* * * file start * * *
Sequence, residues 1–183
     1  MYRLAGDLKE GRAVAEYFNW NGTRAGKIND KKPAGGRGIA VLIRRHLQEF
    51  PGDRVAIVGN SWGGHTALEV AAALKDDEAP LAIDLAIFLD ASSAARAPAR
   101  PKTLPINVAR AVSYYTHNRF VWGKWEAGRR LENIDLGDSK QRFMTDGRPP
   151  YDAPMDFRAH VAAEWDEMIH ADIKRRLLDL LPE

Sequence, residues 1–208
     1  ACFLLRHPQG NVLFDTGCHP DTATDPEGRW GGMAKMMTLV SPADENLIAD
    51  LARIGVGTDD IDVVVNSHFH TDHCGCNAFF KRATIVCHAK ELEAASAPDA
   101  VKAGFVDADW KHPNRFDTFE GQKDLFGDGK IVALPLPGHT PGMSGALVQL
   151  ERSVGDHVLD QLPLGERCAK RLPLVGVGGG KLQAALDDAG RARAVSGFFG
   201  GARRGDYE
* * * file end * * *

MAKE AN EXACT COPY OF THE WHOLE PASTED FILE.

Sequence, residues 1–183
     1  MYRLAGDLKE GRAVAEYFNW NGTRAGKIND KKPAGGRGIA VLIRRHLQEF
    51  PGDRVAIVGN SWGGHTALEV AAALKDDEAP LAIDLAIFLD ASSAARAPAR
   101  PKTLPINVAR AVSYYTHNRF VWGKWEAGRR LENIDLGDSK QRFMTDGRPP
   151  YDAPMDFRAH VAAEWDEMIH ADIKRRLLDL LPE

Sequence, residues 1–208
     1  ACFLLRHPQG NVLFDTGCHP DTATDPEGRW GGMAKMMTLV SPADENLIAD
    51  LARIGVGTDD IDVVVNSHFH TDHCGCNAFF KRATIVCHAK ELEAASAPDA
   101  VKAGFVDADW KHPNRFDTFE GQKDLFGDGK IVALPLPGHT PGMSGALVQL
   151  ERSVGDHVLD QLPLGERCAK RLPLVGVGGG KLQAALDDAG RARAVSGFFG
   201  GARRGDYE